It's a new, more lethal island with robot dinos and a lot more threats, including environments that may be artificial hunting grounds or experimental areas. As the Camp Cretaceous clip winds down, the Spinosaurus rushes the kids to eat them in a desert setting, leaving fans shocked, as it hasn't been seen since Jurassic Park III.

In that film, the Spinosaurus was quite a menace, hunting Dr. Alan Grant and Eric Kirby's family down, including the mercenaries hired to rescue the boy. The beast proved to be a behemoth, attacking planes, chomping on soldiers and even using its roar to fell a plane from a tree so it could eat the folks inside. To make it worse, it marked the humans and followed them around the entire movie, stealthily stalking its prey in a way the T-Rex never could. In addition, it swims and lurks in rivers, so that's a huge advantage.

And to top it off, when it faced the T-Rex to see which was Site B's true alpha, the Spinosaurus brutally snapped its neck, claiming its place atop the food chain. This creates an enticing prospect of a rematch, as this new island has a T-Rex, albeit a wounded one.

That said, what's surely going to be in focus this season is the teens trying to flee from the Spinosaurus. It's great at locking scents and the Camp Cretaceous trailer suggests it's going to be pursuing them at all costs. It leaves folks wondering if this is the same one that got brought over from Site B because that creature ended up running away due to a petrol leak and a fire started by Alan's team in the river so they could escape.

Hopefully, there aren't more because one's already a handful, but either way, Darius and co. will have to be resourceful, as the Spinosaurus is quicker, sneakier and a lot more vengeful than the T-Rex and other dinos they've encountered.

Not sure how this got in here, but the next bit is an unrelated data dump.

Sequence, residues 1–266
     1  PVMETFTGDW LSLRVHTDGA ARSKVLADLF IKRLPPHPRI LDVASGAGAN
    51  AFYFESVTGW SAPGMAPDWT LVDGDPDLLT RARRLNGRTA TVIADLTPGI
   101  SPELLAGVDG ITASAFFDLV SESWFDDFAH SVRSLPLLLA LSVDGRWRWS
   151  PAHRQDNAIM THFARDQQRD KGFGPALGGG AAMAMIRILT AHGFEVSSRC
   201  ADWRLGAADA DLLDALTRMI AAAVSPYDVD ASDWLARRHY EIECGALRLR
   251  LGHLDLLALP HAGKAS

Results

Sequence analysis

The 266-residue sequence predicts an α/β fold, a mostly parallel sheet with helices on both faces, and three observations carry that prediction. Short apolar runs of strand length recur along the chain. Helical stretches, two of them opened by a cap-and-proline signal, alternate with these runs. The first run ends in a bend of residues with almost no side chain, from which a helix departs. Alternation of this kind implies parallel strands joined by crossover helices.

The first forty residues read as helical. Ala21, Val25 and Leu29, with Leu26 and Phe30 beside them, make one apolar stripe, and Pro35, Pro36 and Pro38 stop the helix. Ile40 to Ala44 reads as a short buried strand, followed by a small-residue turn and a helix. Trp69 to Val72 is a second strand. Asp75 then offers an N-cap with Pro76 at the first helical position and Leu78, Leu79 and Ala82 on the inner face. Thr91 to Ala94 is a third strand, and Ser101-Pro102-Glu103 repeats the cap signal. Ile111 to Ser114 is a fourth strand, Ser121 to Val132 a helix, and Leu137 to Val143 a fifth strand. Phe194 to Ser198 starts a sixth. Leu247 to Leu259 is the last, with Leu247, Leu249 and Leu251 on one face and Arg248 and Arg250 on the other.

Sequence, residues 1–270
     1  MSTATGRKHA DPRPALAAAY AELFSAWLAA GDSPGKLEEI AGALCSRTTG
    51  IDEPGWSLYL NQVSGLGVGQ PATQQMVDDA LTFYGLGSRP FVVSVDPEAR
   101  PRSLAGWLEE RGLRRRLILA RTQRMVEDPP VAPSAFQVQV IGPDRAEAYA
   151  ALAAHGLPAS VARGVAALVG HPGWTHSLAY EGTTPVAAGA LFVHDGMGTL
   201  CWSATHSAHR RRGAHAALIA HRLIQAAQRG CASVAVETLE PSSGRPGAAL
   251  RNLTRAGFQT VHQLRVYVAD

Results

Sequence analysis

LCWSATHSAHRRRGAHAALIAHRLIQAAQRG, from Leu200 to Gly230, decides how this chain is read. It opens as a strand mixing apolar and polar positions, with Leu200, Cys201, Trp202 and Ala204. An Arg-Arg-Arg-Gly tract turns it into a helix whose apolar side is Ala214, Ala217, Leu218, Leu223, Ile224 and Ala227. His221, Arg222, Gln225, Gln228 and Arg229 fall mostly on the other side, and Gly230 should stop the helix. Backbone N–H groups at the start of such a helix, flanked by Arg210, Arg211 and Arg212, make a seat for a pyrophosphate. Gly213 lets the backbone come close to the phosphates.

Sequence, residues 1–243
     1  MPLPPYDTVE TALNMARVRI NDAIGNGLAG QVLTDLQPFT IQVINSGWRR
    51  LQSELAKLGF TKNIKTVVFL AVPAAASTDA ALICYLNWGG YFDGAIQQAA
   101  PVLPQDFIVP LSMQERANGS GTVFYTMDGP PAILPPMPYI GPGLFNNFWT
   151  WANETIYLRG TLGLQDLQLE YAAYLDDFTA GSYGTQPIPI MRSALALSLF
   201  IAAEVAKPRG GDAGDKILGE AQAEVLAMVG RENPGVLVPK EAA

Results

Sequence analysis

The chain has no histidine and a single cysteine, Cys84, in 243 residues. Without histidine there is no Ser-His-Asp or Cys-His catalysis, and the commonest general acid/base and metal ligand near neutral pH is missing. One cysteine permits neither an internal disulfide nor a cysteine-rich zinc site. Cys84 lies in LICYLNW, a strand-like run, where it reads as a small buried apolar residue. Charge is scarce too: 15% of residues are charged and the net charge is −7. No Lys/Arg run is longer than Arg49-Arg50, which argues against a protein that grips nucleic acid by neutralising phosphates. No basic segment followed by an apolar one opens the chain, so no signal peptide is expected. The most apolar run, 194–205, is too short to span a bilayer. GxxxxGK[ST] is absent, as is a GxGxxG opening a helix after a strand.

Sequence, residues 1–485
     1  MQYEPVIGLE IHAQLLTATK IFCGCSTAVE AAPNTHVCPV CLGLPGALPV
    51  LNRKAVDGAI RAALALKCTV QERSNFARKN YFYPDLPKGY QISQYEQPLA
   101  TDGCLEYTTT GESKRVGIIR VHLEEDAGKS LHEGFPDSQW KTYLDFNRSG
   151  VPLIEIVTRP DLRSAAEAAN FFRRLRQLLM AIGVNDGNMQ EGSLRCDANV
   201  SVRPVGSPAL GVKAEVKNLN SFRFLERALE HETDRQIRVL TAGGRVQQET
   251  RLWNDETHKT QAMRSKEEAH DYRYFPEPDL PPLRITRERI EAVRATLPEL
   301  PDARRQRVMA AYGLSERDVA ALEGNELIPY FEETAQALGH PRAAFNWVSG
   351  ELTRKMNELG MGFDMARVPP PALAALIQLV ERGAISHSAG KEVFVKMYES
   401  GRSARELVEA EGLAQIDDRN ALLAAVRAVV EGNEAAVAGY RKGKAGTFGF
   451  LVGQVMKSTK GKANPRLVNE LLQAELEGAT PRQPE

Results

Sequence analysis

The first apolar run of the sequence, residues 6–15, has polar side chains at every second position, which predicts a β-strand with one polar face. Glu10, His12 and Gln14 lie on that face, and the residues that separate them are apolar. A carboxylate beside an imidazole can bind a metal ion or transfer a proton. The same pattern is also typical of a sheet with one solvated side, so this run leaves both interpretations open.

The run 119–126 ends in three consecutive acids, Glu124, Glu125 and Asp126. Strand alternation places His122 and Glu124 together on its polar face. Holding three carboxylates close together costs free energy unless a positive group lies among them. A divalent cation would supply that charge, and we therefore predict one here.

Jurassic World: Camp Cretaceous Season 4 premieres Dec. 3 on Netflix.


Dinosaurs Engaged In Herd Living Much Earlier Than Expected

Saturday, November 13, 2021

Artistic reconstruction of a nest of Mussaurus patagonicus  Jorge Gonzalez

A new study published in the journal Nature Scientific Reports has found the earliest evidence of herd living among dinosaurs through the discovery of fossilized remains of sauropodomorphs, a species of large, long-necked herbivores living in the Mesozoic Era.

“Sauropodomorph dinosaurs dominated the herbivorous niches during the first 40 million years of dinosaur history (Late Triassic–Early Jurassic), yet palaeobiological factors that influenced their evolutionary success are not fully understood,” the study authors wrote. “For instance, knowledge of their behavior is limited, although herding in sauropodomorphs has been well documented in derived sauropods from the Late Jurassic and Cretaceous.”

A research team led by paleontologist Diego Pol from the Museum of Paleontology Egidio Feruglio discovered the fossilized skeletal remains of 80 individuals and over 100 eggs of the early sauropodomorph Mussaurus patagonicus in the Laguna Colorada Formation in Patagonia, Argentina.

By analyzing the size and type of bone tissue of the skeletal remains, the scientists identified a cluster of 11 juveniles of less than a year of age, nine specimens aged between a year old and adult, and two adults that were found closely together. These findings suggest that the presence of age-specific clusters of individuals in the same location could indicate that these dinosaurs lived in herds and primarily associated with others of their own age.

Since the rocks surrounding the remains appeared to be approximately 193 million years old, this is the earliest evidence of complex social behavior in dinosaurs, predating previous records by at least 40 million years.

According to the researchers, the evolution of complex social behavior among sauropodomorphs might have coincided with increases in body size that occurred between 227 and 208 million years ago. In order to meet the increased energy demands associated with larger body sizes, these dinosaurs might have needed to coordinate their behaviors by forming herds, and thus manage to forage over longer distances.

“The presence of sociality in different sauropodomorph lineages suggests a possible Triassic origin of this behavior, which may have influenced their early success as large terrestrial herbivores,” the authors concluded.